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Macallan ‘Sienna’

Bought: Amazon, 15th December 2017

Ratings:
94.5/100 – Whisky Bible 2018
85/100 – Serge Valentin of Whisky Fun
84.11/100 – Whiskybase (average from 365 member votes)
8/10 – Whisky Wednesday (video review below)

From everything I’ve heard about the Macallan ‘colour’ range (Gold, Amber, Sienna and Ruby), the Sienna is considered to be the best. In 2017 it was announced that the colour range would be discontinued so I made sure I picked up a bottle of Sienna. The Ruby is the investment, the Gold is the simple sipper, the Sienna is for savouring and the Amber is for cleaning the drains (I’m joking! I’m joking! It’s for deicing the car).

Jim Murray, author of the ‘Whisky Bible’, certainly rates the Sienna. His score of 94.5/100 classifies this dram as a ‘superstar whisky that gives us all a reason to live’. He scores the Ruby 92.5/100, the Gold gets 89.5/100 and the Amber a rather lacklustre 78/100. Mr Murray gives the taste element of the Sienna 24/25 with the comment “soothing texture with the barley bringing forward enough juice to the soft oil to give extra complexity; easy going to the point of falling backwards off its chair, the barley gives way eventually to a gorgeous ulmo honey, vanilla and butterscotch middle”. He summarises with “a huge and pleasing improvement [on a pre-bottling sample Jim tasted]”.

Scoring just over 84/100 on Whiskybase is a very good mark with comments of “A pleasantly surprising dram! Well-balanced with no sherry overload.” And “A much better dram that its two siblings and actually probably better than recent sherry 12s”.

Serge Valentin of Whisky Fun scores a recent (c.2017) sample of Sienna a very good 85/100 but adds, “isn’t this vatting younger on average than earlier batches? I was having Sienna at no less than 90/100, but that just can’t be this time.” It’s a pity that Serge feels the standard of the Sienna was slipping but perhaps that was one of the reasons Macallan decided to call it a day on the colour range. Time for a new adventure, or should that be ‘quest’?

Tasting notes from Master of Malt:

Nose: Noticeably bigger than Gold and Amber, orange peel, vanilla sugar and hot cross buns.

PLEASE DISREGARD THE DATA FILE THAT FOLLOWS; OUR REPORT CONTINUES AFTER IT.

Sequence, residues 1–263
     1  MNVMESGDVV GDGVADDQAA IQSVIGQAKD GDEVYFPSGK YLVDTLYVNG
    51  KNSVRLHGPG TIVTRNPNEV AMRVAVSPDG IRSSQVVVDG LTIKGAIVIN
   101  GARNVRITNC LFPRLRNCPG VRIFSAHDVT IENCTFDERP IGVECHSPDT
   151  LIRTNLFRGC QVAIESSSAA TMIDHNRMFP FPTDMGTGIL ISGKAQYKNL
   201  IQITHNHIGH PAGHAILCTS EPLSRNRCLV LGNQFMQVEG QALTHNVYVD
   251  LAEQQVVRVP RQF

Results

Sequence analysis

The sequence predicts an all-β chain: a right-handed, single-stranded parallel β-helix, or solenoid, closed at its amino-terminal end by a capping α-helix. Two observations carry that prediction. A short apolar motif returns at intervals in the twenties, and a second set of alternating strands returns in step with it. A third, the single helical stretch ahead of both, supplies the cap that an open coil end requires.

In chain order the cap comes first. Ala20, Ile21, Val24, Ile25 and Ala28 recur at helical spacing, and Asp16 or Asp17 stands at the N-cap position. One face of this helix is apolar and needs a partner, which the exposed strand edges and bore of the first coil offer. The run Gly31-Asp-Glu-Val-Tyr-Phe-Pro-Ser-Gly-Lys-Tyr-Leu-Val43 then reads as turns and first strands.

Palate: Raisins and dried apricots, ripe greengages, frozen currants.
Finish: Fruity and slightly spiced with a touch of anise.

Here’s Jo of Whisky Wednesday with his thoughts about the Macallan ‘Sienna’ on YouTube (Nov 2015), which he scores an excellent 8/10:

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Highland Park ‘Saint Magnus’ 12-year-old (2010)

Bought: Online Auction, 5th October 2017

Ratings:
76.5/100 – Whisky Bible 2013
89/100 – Serge Valentin (www.whiskyfun.com)
86.5/100 – Whiskybase (average from 225 member votes)

Highland Park ‘Saint Magnus’ 12yo was a distillery release in 2010 and was the second edition from the Inga Saga trilogy. The Saint Magnus label isn’t new to Highland Park as I’ve seen bottle examples using it in the 1960s. The Inga Saga trio consisted of:

  • Earl Magnus 15yo, 2009, 5,976 bottles, 52.6%
  • Saint Magnus 12yo, 2010, 11,994 bottles, 55%
  • Earl Haakon 18yo, 2011, 3,300 bottles, 54.9%

When the Saint Magnus 12yo appeared in 2010 it was priced at €100. Some felt it was expensive for what it was but €100 for a similar release in 2017 would seem quite reasonable. The presentation is very good and I like the sturdy wooden display case. An equivalent Highland Park costing €100 today would be the Sigurd, which comes in a solid wooden box but it’s NAS (non-age statement), widely available and only 43%.

Jim Murray’s review of the Saint Magnus in his Whisky Bible 2013 is a bit of an outlier especially when compared to 89/100 from Serge Valentin of Whisky Fun. Mr Murray simply says “tight and bitter” and 76.5/100 classifies this dram as “average and usually pleasant though sometimes flawed”. Serge Valentin only uses the word ‘bitter’ with regards to ‘bitter oranges’ in the taste but I don’t get the impression this is a negative remark. He says “the cinnamon is really big” and, “with water: now it’s really excellent, with a great earthiness”. I’m a big fan of cinnamon so this sounds good to me!

Scoring over 86.5/100 on Whiskybase is a very good mark. Comments include “great malt”, “shows the potential of the distillery” and “one of the most interesting malts that HP has brought to market in recent years” (written in 2016). I’m left thinking that Jim Murray had a tainted sample because his low rating of the Saint Magnus is in the minority.